Two thousand years ago Romans sailed these waters that are visited each year by numerous tourists today. A small castle "The Swallow's Nest" on the very edge of a rocky cape Ai-Todor is a symbol of the Crimea now. It was built in the beginning of the 20th century on the same cape where Romans built their fort. Ancient roads built by Romans, still take hikers from the coast to the mountain plateau.

During the succeeding centuries the Crimea was overrun or occupied successively by the Goths (A.D. 250), the Huns (376), the Khazars (8th century), the Byzantine Greeks (1016),the Kipchaks (1050), and the Mongols (1237).

Medieval "Cave towns" 
The cave towns were built in the 6th-10th centuries by the multiethnic populations which lived there. Cave towns are part of a defense structure enclosed with powerful fortification walls with towers, caves, impregnable casemates and natural obstacles such as abrupt forbidding cliffs. In ancient times, it was dangerous to live in fertile and convenient valleys, since the Crimean peninsula suffered from the constant raids of nomadic tribes. The caves contained also monks cells, churches, sacristies, burial vaults and other cult and husbandry premises.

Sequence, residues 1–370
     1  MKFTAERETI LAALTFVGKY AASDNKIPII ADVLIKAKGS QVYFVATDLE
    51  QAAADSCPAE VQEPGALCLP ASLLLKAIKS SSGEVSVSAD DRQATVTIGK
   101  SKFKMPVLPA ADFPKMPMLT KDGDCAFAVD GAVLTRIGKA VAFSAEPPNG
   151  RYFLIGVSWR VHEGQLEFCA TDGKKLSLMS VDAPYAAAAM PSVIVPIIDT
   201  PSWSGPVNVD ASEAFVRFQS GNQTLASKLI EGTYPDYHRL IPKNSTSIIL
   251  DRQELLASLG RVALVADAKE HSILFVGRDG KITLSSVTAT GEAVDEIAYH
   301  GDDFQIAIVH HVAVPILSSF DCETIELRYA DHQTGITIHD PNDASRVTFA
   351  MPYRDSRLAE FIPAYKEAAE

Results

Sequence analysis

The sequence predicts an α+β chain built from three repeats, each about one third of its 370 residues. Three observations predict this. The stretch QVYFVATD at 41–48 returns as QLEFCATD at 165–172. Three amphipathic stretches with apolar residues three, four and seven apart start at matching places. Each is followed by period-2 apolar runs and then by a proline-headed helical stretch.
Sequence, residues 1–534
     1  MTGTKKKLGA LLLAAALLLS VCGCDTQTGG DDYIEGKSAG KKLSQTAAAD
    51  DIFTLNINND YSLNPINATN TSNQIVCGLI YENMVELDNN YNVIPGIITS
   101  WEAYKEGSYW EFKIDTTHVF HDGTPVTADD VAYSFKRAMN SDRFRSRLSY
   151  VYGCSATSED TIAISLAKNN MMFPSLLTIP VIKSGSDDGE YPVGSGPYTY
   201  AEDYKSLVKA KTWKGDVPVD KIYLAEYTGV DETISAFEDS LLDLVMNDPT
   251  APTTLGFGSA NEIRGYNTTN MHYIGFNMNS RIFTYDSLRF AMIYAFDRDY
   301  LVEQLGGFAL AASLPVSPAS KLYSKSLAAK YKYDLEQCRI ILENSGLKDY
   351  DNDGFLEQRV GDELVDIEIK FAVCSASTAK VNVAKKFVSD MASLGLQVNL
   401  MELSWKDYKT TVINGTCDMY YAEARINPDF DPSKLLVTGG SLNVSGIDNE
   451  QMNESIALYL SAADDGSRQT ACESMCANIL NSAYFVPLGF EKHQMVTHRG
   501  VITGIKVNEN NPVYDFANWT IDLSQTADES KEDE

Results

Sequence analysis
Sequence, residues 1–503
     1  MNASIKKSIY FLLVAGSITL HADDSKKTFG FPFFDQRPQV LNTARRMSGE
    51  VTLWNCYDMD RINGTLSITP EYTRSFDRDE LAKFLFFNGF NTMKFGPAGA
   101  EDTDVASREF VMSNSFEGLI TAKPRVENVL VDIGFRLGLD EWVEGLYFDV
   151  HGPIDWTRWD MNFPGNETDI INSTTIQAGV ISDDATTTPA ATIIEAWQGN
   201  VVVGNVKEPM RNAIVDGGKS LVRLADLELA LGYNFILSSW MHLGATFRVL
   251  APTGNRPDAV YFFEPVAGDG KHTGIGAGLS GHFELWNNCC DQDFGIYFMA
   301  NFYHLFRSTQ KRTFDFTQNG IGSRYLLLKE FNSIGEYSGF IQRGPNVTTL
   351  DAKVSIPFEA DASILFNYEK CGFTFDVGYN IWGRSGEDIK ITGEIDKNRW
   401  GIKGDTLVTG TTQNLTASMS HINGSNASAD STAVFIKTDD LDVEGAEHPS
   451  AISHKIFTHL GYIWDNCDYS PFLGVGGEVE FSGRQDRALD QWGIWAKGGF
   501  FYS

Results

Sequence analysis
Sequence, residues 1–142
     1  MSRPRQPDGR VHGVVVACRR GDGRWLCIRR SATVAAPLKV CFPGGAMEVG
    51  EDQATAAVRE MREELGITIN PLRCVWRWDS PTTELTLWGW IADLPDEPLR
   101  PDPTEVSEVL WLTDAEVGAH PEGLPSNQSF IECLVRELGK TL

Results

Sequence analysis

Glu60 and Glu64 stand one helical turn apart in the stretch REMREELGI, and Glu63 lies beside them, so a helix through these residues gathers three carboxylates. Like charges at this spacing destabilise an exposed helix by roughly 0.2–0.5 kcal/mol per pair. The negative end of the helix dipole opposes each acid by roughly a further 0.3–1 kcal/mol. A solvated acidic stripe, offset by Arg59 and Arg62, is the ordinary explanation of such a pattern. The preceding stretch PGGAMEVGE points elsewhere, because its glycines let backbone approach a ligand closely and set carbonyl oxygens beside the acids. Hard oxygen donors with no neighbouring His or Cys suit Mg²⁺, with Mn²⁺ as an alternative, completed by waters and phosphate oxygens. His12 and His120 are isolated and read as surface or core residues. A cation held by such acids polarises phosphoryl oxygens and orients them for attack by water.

Italians in the Crimea. 
In 14-15 centuries the Crimea was an important point on the trade way to the Eastern countries as India and China. In the 13th century the Genoese destroyed or seized the settlements which their rivals the Venetians had made on the Crimean coasts, and established themselves at Evpatoria, Balaklava, Sudak, Feodosia, flourishing trading towns.